For more info visit Lull’s website:  https://lull.com/

A Big Little Impression

Timbercraft Tiny Homes, Guntersville, Alabama

It didn’t take long to communicate my big dream of tiny living to my better half and immediate family members. The countless benefits were easy to explain from affordability, to the adventure, to it being the solution to having to live apart for the moment.  Although I can clearly see the perks – I’m a big believer in figuring out the logistics of a situation by trying it first-hand. It was time to step foot in a tiny house.

Luckily for me, there is no shortage of tiny home builders in the South (or was there?). A lot of the companies I thought might still be in business (based on HGTV and some online research) were closed. Several seemed to have taken  a hit even before COVID. Of course the pandemic posed its own set of problems even as recently as  just a few months ago. Most of the working shops don’t exactly give tours (why would they?). 

I sent emails to locations that I thought might agree to meet with me, and Jamie from Timbercraft Tiny Homes in Guntersville, Alabama responded almost immediately. I was transparent about my intention, which was to step into a tiny house and see what it was like. She knew I wouldn’t be putting down a deposit during my visit, but was gracious enough to take time out of her day to meet with me – so I booked the appointment.

The drive up to Guntersville was a nice way to end my afternoon. I had been there a few years prior to visit local wineries, but forgot how gorgeous the lake is. When I turned the corner and saw the sun sparkling off the top of the water it was such a positive feeling – almost like an affirmation that my exploration would be beneficial.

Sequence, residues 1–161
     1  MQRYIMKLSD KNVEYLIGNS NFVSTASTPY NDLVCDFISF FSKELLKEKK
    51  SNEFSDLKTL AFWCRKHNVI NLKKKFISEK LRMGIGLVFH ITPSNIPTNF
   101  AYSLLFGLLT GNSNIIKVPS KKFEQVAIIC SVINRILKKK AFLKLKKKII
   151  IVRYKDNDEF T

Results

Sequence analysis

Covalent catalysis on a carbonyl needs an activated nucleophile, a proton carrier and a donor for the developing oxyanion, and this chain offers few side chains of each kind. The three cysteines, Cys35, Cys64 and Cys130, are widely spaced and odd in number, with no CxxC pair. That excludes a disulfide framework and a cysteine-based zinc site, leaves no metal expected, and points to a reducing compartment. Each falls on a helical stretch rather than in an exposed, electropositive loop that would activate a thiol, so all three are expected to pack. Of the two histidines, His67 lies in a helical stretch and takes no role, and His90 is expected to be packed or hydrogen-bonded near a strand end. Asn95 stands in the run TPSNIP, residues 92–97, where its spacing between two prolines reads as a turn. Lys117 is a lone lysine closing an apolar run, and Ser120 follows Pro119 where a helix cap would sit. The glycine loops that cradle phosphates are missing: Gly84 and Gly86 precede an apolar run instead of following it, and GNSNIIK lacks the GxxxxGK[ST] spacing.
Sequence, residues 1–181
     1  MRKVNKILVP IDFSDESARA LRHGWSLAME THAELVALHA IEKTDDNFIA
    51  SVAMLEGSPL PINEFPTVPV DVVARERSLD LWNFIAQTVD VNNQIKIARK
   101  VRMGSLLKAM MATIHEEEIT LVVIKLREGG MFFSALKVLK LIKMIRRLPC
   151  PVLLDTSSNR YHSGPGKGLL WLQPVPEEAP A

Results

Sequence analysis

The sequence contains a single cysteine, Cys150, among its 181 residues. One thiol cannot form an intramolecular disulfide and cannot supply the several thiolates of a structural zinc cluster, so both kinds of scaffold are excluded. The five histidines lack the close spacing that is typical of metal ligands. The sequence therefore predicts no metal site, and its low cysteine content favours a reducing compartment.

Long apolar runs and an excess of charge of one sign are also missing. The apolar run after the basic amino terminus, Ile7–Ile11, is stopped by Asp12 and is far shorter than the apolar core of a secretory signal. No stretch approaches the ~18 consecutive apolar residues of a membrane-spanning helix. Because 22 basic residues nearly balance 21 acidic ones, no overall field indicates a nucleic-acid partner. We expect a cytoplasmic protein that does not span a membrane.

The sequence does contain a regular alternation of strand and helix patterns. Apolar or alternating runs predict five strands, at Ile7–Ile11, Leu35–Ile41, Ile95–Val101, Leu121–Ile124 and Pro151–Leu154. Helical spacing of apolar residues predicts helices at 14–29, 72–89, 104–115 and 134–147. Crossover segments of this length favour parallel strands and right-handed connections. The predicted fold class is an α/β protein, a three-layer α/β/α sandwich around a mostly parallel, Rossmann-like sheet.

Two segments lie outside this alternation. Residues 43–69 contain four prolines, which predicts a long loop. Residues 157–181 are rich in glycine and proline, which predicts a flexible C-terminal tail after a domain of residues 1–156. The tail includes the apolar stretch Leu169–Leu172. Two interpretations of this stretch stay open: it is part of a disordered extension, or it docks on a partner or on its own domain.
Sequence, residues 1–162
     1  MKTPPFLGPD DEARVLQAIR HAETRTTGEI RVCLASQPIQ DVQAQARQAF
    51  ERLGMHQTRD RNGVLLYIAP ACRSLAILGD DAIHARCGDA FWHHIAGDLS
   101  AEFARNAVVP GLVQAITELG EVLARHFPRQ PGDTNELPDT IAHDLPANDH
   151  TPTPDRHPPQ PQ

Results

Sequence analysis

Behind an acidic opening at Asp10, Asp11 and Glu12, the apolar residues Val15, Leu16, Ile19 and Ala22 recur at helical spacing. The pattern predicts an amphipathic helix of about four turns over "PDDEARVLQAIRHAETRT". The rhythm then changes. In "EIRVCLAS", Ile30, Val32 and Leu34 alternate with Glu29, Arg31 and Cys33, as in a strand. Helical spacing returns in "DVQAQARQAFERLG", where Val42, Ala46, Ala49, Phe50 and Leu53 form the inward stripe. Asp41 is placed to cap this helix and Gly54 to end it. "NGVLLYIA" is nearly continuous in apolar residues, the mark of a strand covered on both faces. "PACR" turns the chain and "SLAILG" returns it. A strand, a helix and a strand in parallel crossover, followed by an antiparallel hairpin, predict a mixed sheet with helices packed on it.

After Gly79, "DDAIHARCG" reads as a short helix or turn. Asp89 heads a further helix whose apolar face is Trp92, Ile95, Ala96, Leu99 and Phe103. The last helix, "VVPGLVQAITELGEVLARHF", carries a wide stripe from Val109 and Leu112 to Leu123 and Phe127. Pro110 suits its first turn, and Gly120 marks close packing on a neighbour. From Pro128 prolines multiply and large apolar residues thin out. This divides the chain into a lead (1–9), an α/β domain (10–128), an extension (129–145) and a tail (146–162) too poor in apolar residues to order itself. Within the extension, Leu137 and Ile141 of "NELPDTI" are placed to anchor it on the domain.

Jamie was a fun and honest host. After chatting and admitting I had no idea what I was looking for (or doing), she grabbed a 3-step stool and unlocked one of their completed models for me to tour – a version of their Denali model. I knew immediately when stepping inside that it was above our budget at around $75k. It didn’t feel like I was stepping into an RV or a “tiny” anything. In fact, the first thing I said to Jamie was for us, it was too big.  It was stunning though – decorated with white wood walls, high ceilings and hardwood floors (my personal fav). The fixtures were high-end, quartz countertops and all the things you would expect to find in a fancy house. 

I especially loved the master bedroom being on the first level with space for end tables and a dresser/tv. There was even a closet! There are several reasons I don’t want a loft master bedroom – one of them being I can’t imagine getting dressed while laying down or standing in my kitchen. Overall the house was gorgeous, but not practical for my purposes. This tiny home definitely left a big impression on me, and reinforced my feeling that this is the right path. The idea of tiny living is to create memories and not memorabilia – the process of transitioning and exploring a new lifestyle is an adventure in itself, and there are so many more to come!

For more info visit Timbercraft Tiny Homes’ website.